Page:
PRESIDENT FRANKLIN PIERCE - MANUSCRIPT LETTER SIGNED 07/24/1854 CO-SIGNED BY: WILLIAM L. MARCY - HFSID 254011
FRANKLIN PIERCE and WILLIAM L. MARCY. Rare Manuscript Letter of State
signed: "Franklin Pierce" as 14th U.S. President and "W.L.
Marcy" as Secretary of State, 1½p, 10½x16¾. Washington, 1854 July
24. to the President of the Republic of Chile (Manuel Montt). In
full: "I have made choice of David A. Starkweather, one of our
distinguished citizens, to reside near the Government of the Republic of Chile
in the quality of Envoy Extraordinary and Minister Plenipotentiary of the United
States of America. He is well apprized of the friendship which we bear to
your Government and of our desire to cultivate the harmony and good
correspondence so happily subsisting between us. From a knowledge of his
fidelity, probity and good conduct, I have entire confidence that he will render
himself acceptable to Your Excellency, and give effect to our desire of
preserving and advancing on all occasions the interest and happiness of the two
Republics. I beseech Your Excellency therefore, to give full credence to
whatever he shall say on the part of the United States, and most of all when he
shall assure you of their friendship and wishes for the prosperity of Your
Republic. And I pray God to have Your Excellency always in His safe and holy
keeping." U.S. Minister DAVID AUSTIN STARKWEATHER served in Chile
from 1854-1857. Starkweather was formerly a Representative from Ohio in the
U.S. Congress (1839-1841 and 1845-1847) and was Chairman of the
Democratic National Convention at which Pierce was nominated in 1852.
U.S. formal relations with Chile date back to March 8, 1822, when President
James Monroe recommended to Congress that the U.S. should formally recognize the
independent Latin American republics. On May 4, he signed a bill authorizing
diplomatic missions be established. Colombia was the first country that the
President received and shortly thereafter relations were established with Chile,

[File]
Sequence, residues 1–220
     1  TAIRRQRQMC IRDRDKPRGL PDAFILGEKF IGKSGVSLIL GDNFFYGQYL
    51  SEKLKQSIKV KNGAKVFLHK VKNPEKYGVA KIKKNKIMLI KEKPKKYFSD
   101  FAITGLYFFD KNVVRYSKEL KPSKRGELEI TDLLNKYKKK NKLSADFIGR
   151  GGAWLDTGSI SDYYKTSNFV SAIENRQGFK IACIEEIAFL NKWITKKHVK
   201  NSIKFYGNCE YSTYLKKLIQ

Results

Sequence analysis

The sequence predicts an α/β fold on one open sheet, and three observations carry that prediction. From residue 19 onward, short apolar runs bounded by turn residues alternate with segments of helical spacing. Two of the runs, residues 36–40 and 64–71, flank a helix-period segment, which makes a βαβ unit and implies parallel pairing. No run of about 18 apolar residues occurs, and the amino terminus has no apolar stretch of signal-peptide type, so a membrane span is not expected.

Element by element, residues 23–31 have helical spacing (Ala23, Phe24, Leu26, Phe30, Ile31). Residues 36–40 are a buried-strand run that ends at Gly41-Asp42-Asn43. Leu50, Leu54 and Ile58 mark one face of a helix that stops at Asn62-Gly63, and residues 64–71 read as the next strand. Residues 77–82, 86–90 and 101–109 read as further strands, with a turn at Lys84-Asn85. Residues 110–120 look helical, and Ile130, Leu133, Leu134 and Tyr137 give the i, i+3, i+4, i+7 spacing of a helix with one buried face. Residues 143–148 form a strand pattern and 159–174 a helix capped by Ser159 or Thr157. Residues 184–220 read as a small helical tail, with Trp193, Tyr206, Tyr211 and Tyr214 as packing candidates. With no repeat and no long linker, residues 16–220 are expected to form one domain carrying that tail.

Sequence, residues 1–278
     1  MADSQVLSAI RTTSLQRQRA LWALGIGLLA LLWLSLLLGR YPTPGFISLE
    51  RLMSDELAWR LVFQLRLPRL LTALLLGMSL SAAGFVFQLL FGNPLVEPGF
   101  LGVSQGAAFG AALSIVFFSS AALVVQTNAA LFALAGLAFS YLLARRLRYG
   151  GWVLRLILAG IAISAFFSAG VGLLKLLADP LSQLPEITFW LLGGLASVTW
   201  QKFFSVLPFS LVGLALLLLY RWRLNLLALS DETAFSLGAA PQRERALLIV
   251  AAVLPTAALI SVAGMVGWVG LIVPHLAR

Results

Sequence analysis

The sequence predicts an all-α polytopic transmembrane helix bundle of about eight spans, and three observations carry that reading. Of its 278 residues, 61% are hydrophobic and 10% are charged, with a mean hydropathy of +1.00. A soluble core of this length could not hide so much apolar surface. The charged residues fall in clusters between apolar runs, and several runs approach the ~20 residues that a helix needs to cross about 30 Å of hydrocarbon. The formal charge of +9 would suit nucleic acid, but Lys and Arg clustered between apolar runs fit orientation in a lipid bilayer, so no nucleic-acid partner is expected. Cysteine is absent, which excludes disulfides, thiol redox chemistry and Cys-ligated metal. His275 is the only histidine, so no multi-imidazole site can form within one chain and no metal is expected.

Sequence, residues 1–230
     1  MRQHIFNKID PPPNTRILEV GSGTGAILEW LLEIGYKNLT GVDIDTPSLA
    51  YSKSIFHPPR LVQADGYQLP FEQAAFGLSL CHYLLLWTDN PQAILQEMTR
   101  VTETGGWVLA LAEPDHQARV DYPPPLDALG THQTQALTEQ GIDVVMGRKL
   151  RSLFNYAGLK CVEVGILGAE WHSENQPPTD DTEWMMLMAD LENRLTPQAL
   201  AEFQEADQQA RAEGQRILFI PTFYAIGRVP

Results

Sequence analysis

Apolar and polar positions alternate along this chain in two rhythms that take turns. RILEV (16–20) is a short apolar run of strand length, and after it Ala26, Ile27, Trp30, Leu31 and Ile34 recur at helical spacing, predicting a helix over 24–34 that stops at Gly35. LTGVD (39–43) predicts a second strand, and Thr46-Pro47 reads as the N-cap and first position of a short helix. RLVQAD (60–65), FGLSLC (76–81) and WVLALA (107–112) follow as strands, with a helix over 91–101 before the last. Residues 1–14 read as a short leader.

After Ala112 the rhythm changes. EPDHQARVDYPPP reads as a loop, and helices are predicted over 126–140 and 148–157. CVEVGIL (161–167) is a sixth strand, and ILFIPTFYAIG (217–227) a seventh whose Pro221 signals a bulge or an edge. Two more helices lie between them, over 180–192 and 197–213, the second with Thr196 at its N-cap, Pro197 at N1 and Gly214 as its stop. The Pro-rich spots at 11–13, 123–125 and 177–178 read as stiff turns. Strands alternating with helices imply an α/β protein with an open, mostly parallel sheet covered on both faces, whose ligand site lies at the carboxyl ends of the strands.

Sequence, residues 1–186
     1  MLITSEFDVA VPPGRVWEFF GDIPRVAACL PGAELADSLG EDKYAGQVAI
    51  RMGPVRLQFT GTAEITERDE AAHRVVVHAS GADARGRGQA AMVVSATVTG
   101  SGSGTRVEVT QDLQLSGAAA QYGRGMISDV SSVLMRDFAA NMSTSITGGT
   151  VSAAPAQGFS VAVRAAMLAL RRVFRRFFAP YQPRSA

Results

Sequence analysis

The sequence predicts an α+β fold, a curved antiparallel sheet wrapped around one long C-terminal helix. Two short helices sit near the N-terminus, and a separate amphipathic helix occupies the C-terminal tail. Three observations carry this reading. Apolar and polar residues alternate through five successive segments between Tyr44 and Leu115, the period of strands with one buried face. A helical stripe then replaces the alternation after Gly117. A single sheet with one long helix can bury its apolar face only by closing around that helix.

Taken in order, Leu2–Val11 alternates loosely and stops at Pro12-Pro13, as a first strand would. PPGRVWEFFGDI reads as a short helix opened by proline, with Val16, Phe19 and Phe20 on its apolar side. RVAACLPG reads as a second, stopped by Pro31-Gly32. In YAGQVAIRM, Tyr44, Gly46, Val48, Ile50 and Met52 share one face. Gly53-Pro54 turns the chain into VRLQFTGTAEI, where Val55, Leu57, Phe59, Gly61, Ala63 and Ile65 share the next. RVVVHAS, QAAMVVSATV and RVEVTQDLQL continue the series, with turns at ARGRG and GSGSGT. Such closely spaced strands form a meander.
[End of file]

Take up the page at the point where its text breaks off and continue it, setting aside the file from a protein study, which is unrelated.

Argentina, Mexico, Brazil and Central America. With the opening of diplomatic
relations came the formulation of commercial treaties. From 1825 to 1850 large
quantities of cotton goods were exported from the United States to Chile,
Colombia and Brazil. South America, in turn sent hides, wool, sugar, grains and
copper. MANUEL MONTT (1809-1880) was President of Chile from 1851
to 1861 (two five-year terms). His administration was marked by progress in
education, construction of railways, telegraphs and tax reform. He went on to
serve as President of the country's Supreme Court (1861-1880).
FRANKLIN PIERCE, who had hoped to become an expansionist President
like Polk, looked beyond U.S. borders to expand the nation and establish trade.
He was aided in his endeavors by his appointment of WILLIAM LEARNED
MARCY, who had previously served as Secretary of War in Polk's
Cabinet. Marcy, who would be instrumental in opening trade with Japan,
negotiated 24 treaties. They included the important Gadsen Treaty with
Mexico, the Reciprocity Treaty with Great Britain and pacts with the
Netherlands, Denmark and the Argentine Confederation. Letters of state
between world leaders are rarely on the market. Shaded at folds on verso.
Vertical folds touch Marcy's first name and the first "n" in Franklin. Mounting
remnants at upper blank portion on verso. Slight vertical tears at blank lower
edge (all paper intact). ¼-inch separation at upper blank right horizontal fold
on verso. Minor horizontal tear at lower left blank edge on verso. Overall, fine
condition with large, bold 4½-inch signature of Pierce.
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